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Baths of Diocletian
The Trustees of the British Museum
Richard Wilson (1713/14-1782)
Baths of Diocletian
c.1752-54 (undated)
Black chalk and stump, heightened with white, on grey-green paper
250 x 394 mm
10 x 15 1/2 in.
1881,0212.23
D106
A broad open space, flanked by buildings on either side including the ruins of the Baths, with another building at the far end. In the right foreground a woman and boy talk to a beggar leaning against a post. Further away there are two groups of two figures each near fragments of a fallen column. Other figures can be seen near a wall on the right. Light from the left casts a shadow over most of the foreground.
Donated by John Deffett Francis, February 1881
Unsigned; no inscription
Verso invisible - laid down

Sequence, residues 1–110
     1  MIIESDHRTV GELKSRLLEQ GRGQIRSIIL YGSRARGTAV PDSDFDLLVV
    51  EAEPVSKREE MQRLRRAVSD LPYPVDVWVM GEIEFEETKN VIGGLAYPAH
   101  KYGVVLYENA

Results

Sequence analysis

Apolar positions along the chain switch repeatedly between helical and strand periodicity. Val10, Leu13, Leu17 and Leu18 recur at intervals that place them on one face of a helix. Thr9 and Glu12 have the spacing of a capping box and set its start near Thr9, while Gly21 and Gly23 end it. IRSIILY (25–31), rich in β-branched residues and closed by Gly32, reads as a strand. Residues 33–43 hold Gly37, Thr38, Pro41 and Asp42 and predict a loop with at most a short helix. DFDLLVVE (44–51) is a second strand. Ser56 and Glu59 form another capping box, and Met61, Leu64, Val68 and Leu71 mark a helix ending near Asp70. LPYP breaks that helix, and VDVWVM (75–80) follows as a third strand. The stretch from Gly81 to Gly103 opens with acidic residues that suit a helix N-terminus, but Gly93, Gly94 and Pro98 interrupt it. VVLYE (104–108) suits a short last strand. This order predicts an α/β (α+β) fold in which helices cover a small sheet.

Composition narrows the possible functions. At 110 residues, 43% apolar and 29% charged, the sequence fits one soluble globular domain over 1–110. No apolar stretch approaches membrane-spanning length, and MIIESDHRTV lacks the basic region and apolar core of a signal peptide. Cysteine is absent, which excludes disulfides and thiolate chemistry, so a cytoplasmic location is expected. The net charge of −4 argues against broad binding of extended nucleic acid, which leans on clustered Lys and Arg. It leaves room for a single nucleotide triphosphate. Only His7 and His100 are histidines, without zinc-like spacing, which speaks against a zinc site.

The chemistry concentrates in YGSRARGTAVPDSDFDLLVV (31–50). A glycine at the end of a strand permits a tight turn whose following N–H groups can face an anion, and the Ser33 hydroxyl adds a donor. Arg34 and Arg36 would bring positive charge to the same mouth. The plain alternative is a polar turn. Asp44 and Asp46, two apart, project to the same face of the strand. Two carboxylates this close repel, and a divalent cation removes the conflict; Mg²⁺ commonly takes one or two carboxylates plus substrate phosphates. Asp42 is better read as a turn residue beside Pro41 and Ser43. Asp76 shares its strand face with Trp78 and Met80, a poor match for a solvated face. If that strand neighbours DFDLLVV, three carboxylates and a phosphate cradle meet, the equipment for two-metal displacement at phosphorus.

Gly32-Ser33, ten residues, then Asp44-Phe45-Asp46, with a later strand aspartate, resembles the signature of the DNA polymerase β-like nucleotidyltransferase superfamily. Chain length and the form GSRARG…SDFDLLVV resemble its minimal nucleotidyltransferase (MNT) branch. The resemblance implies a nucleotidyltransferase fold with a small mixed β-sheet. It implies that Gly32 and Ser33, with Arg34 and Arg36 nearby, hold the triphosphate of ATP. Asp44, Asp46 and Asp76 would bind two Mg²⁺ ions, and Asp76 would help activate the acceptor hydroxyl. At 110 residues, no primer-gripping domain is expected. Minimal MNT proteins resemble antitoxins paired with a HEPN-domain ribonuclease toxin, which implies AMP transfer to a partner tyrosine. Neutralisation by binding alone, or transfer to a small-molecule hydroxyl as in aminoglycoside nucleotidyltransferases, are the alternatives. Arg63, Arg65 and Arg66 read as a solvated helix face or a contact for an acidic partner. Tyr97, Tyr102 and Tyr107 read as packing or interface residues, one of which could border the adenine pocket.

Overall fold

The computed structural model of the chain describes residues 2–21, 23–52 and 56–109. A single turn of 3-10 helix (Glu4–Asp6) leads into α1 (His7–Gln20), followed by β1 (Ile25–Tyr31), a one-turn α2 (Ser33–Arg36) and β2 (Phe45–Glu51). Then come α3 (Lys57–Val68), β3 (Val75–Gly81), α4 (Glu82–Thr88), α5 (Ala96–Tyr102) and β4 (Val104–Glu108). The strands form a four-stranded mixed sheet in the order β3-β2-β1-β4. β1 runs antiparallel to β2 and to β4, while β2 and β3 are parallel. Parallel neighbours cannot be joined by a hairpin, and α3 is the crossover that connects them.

The Baths of Diocletian were public baths in Rome, named after emperor Diocletian and built from 298 to 306 AD. They were the largest and most impressive of the imperial baths, originally commissioned by Maximian on his return to Rome in the autumn of 298. The Baths are located on high ground at the north-east summit of the Viminal, the smallest of the seven hills of Rome. They remained in use until the Ostrogothic siege of Rome in 537, when the water supply was destroyed. The basilica of Santa Maria degli Angeli e dei Martiri was later constructed in the ruins.
D305 Baths of Dioclesian, The Courtauld Gallery, London
E34 James Gandon after Wilson, Twelve Etchings of Views in Italy - Baths of Dioclesian, Yale Center for British Art, Paul Mellon Collection, New Haven
E34A James Gandon after Wilson, Twelve Etchings of Views in Italy - Baths of Dioclesian, Royal Academy of Arts, London
A drawing of the Baths from a different angle is in the Courtauld Gallery, London (D305)
Binyon 7; Ford 1951, p. 60 under no. 58
Small stain upper right